It’s Not Just Hunger: Mental Health

December 19, 2022

Mental health and food security have a bidirectional relationship.1-3 An individual experiencing food insecurity is at a heightened risk of experiencing poor mental health and vice versa. Many families struggle to stretch their food budget from one meal to the next, facing obstacles and added strain to obtain the food necessary to lead a healthy lifestyle. As one Full Cart recipient stated, “There has been so much struggle and added stress this past year. Finances have been rough due to loss of income in our household, which makes it harder to put food on the table.” This account and similar stories underline the importance of evaluating the role of mental health in an individual’s ability to acquire food, especially since poor mental health can be a contributing factor to food insecurity. For example, data from the University of Michigan’s National Poll on Healthy Aging revealed that elderly adults (ages 50-80) who experience fair or poor mental health are more likely to experience food insecurity.4 Of the 2,048 poll respondents, approximately 24% of adults who reported experiencing food insecurity also reported fair or poor mental health.4 In contrast, only 5% of food-secure adults reported fair or poor mental health.4 Results from a U.S. Census Household Pulse Survey, furthermore, revealed that households that receive food assistance (i.e., free food or meals from food pantries, food banks, etc.), tend to also report poorer mental health symptoms in the form of increased depression and anxiety.1 These results are telling of the interconnectedness of food insecurity and mental health.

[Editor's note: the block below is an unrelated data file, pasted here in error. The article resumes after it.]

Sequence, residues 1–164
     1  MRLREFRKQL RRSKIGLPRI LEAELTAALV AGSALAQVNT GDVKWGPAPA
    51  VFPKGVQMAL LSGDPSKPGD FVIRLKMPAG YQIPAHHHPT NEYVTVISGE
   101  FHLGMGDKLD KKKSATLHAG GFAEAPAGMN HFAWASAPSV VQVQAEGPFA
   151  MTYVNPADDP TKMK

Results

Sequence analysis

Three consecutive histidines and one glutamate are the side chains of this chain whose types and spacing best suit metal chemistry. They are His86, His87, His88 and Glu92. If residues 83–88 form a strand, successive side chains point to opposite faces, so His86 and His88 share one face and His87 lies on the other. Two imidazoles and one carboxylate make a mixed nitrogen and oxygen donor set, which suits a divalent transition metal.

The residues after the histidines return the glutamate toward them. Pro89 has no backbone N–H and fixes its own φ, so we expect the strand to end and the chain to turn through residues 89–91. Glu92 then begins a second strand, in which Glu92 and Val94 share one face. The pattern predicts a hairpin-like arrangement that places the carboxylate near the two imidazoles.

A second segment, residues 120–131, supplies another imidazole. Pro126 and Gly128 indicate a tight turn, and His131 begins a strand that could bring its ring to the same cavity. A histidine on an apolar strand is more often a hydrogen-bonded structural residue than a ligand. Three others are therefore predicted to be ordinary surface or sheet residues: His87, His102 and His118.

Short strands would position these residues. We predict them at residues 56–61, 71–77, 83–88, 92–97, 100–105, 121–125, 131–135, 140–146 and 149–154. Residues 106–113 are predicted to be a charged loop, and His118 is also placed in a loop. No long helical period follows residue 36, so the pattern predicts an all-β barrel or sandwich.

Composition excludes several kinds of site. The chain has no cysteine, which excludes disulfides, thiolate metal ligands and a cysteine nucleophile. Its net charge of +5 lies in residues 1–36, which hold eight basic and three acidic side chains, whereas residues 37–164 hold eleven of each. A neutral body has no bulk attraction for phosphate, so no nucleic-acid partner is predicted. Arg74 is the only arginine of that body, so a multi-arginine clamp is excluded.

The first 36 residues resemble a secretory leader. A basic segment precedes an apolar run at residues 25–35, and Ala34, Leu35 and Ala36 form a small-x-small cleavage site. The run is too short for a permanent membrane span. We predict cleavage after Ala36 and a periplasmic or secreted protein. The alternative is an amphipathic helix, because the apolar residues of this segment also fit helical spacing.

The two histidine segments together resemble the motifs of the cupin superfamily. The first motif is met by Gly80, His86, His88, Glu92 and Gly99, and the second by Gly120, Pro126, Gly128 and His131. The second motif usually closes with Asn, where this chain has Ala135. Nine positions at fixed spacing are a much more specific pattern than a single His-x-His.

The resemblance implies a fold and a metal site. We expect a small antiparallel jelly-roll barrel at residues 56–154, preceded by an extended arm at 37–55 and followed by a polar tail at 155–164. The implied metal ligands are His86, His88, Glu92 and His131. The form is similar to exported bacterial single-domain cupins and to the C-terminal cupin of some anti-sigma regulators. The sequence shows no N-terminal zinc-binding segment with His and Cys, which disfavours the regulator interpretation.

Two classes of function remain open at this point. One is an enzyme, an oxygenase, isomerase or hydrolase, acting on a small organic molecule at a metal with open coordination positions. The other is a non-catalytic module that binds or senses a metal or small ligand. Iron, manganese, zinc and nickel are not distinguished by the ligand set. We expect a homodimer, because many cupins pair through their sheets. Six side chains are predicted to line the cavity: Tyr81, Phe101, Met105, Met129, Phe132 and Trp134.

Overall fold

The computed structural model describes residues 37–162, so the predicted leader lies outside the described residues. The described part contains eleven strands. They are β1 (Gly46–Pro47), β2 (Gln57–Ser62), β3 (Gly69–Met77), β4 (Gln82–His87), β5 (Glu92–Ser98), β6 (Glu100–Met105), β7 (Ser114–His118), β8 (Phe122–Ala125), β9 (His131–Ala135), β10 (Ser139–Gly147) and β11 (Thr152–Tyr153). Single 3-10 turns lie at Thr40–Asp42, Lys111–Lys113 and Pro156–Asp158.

Following the pandemic and its associated economic downturn, poor mental health has become more prevalent with individuals increasingly reporting anxiety and distress about having enough food for themselves and their families.5 Of the 131,473 food assistance applications received by U.S. Hunger to date, approximately 5.5% of individuals have reported feeling “stressed”. An additional 2.3% of the U.S. Hunger population have a self-reported mental illness- most commonly reporting anxiety followed by depression and post-traumatic stress disorder in their food assistance applications. Reduced work hours and physical and mental illness are frequently reported as factors that have interfered with a family’s ability to acquire food. After struggling to find a job to provide a stable income, one Full Cart recipient detailed, “We have never hit rock bottom this low before and the stress is really getting to me as I run our home.” While another mother reported, “I have no relatives in this country with me, and it [is] so difficult physically, mentally and financially that anxiety and depression have been very much with me.  Knowing that my children may be missing their plate of food puts me in a state of horrible anxiety.” Such feelings can foster a sense of hopelessness, dissuading individuals from being resilient in spite of their current circumstances and making them more vulnerable to experiencing low and very low food security.1 Thus, to combat both food insecurity and its associated psychological distress, it is necessary to have social safety nets in place that are easy to navigate and utilize by those who are eligible.